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The Anaheim

Historical Society

Home Tour

THE FOLLOWING IS TAKEN FROM

   THE TOUR  GUIDEBOOK

CONDUCTED October 11-12,2008

 

 

 

Grim1This classic Foursquare home was built in 1904-1905
for Thomas and Agnes Grim.  As co-owner of
Grim-Ganahl Lumber, Grim could afford the finest
of building materials, and that is apparent with a
visit to the home.
The Grims raised two daughters in the home, and
remained there for their lives.  The daughters sold
the home to Dr. Catherine Mary Margaret O’Brien
and her brother Gerald.
The house was originally located at Lincoln Avenue
and Melrose Street, and was eventually acquired by
the City and used for Neighborhood Preservation
Department offices for years before being moved to
its present location on Vintage Lane, where it sits
among neighbors that have also been relocated.

Previous owners Ron and BettyJack Waltz began
the restoration, but were unable to move into the
house.

Grim2-121x165The home was recently purchased by sisters Carol and Helen
Garner.  The Garners are serial restorers, having completed

Grim3-286x220multiple “old house rescues” in the Anaheim Colony, with this
being their largest project so far.  The Garners were recipients of
the 2008 Margaret Atkins Memorial Preservation Award from
the Anaheim Historical Society, presented at our annual banquet.

The Grim House is open for the tour as a “hard hat” house,
encouraging other homeowners in mid-project.  We see the
“before and during” at this year’s tour, and hopefully we will be
invited back to see the “after” in the future.

 

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This Queen Anne Victorian was built for John H.
Clabaugh and his wife Julia in 1889.  John worked Olive1
as the city’s railroad agent and station master.
At the time, the home was the only residence
structure on the block, its only neighbor was the
elegant Hotel Del Campo across the street, which
later made way for smaller residential
development.

The three bedroom home was a busy place,
providing shelter for John, Julia, and their
children, Elise, Roy, Ernest, Lillian, Rose, Henry,
Ada, and Julia’s sister Emma, a dressmaker.

Over time the house fell into disrepair, and by the
time the current owner, Steve Goodyear, found the
house, it was an abandoned relic, with vagrants
living in and under the house.  But the empty shell
was the perfect project for Steve, who also owns
Roseville, a period design company

Olive2-264x221“Over the top” is the only way to describe Steve’s Victorian eye for exuberance,
as every corner of the home has been painted, papered, fringed, and laced.  It
is quite possible that the home is more Victorian today than under the care of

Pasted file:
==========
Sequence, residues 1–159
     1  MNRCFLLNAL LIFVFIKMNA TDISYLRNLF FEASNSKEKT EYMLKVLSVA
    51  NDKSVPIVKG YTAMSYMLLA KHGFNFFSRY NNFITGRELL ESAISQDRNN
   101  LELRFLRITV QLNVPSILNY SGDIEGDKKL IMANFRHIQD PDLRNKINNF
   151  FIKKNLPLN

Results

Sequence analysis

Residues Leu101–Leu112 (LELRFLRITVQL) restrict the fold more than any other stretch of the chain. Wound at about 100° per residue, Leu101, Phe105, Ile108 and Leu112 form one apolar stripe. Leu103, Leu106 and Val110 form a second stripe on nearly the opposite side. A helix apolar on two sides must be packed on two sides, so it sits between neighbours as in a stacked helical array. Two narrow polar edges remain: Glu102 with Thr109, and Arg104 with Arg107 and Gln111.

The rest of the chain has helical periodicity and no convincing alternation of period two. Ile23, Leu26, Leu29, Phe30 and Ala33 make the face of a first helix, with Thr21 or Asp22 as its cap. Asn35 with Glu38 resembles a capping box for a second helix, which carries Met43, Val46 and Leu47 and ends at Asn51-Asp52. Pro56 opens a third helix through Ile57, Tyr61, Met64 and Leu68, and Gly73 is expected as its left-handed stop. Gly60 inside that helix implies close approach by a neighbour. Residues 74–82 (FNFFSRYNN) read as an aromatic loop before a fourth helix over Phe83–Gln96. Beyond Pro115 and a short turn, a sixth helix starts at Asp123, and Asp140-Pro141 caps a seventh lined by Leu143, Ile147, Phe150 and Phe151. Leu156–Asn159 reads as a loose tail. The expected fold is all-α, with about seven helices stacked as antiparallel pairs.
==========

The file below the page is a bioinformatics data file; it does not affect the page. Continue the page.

Julia Clabaugh, and the result is breathtaking.

 

 

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KellenThis classic California bungalow was built in 1913
from a design directed by homeowner Adele Spoerl
Kellenberger, and executed by notable Santa Ana
architect Frederick Eley, and is on the National
Register of Historic Places.

Adele began the house project as a widow, but
eventually married John Kellenberger, Anaheim’s
marshall from 1911 to 1918.  Marshall Kellenberger
was shot breaking up a saloon fight, but fortunately
survived the wounds to greet his infant son months
later.

This Craftsman bungalow has many fine
architectural details:  decorative braces and
latticework vents accent the front and side gables.
Exposed rater tails with stair step notching line the
eaves.  The clapboard siding consists of wide
boards alternating with two thin boards in a
decorative pattern.  A specially lovely and unusual
feature is the exquisite leaded glass in the transoms
above the picture windows, trimming the house
front with rows of stylized tulips and green leaves.
And, of course, a pergola opens from the dining
room to the outside.

The home has been in the Kellenberger family for three generations, with
granddaughter Jackie Frahm as the current owner and steward of the home.  The
home is unique in that it retains its original features – all of them.  From the original Kellen2-143x198
woo
Kellen1-143x198dwork, light fixtures, and even wallpaper, to the 1920s era contents of the kitchen
junk drawer, the home remains as if John and Adele Kellenberger had just stepped
out for a trip to one of Anaheim’s many fine downtown businesses and might return at
any moment.

Furnishings include a Tonk piano, one of the leading manufacturers of upright pianos
at the time, as well as Chinese curios given to Kellenberger by residents of Anaheim’s
China Town who enjoyed the protection of the marshall.  The deep yard is liberally
planted – from the decorative such as roses, azaleas, camellias, hibiscus, geraniums,
and Japanese irises to the eatable such as loquats, guavas, grapes, peaches, apricots,
persimmons, and figs.  With many original plantings still growing well, it is a reminder
of the typical yard a prosperous merchant in Anaheim would have during the early 1900s.

A visit to the Kellenberger house is a rare treat and a step back in time to Anaheim’s
history.

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This eclectic cottage combines the best of Queen
Anne Victorian of the 19th century and the
Craftsman movement of the 20th century in a
remarkable home.
Dickel
Originally built in 1890 for Anaheim pioneers
Herman Dickel and Rose Schmidt Dickel, this
Queen Anne cottage was located at the southeast
corner of today’s Pearson Park.  After the family
sold the 20-acre property to the City for
development of the park in the 1920s, the house
was moved to its current location on Citron between
Broadway and Santa Ana Street.  Developer
William W. Crone (Crone Street is named for him)
added Craftsman elements popular at the time and,
shortly afterward, he added a second floor for his
family of five.

The home is now the residence of Lonny and Helen
Myers and their family who have lovingly renovated
the house, maintaining both its Victorian roots with
the later Arts and Crafts elements that reflect the
history of the house and its ownersDickel2-200x286

Inside, the Myers’ collection of antiques mixes with
Victorian Revival wallpapers and accessories to
create a comfortable and charming home.  The
Crone family additions are seen in the front entry,
where the original entry became a closet, complete
with telephone shelf.  The bay window was filled in

by Crone, and a bank of French doors now floods
the living room with light.  Through the archway,

Dickel3the dining room hearth is original to the house.  The
high ceilings and enormous double hung windows

keep the house comfortable in even the hottest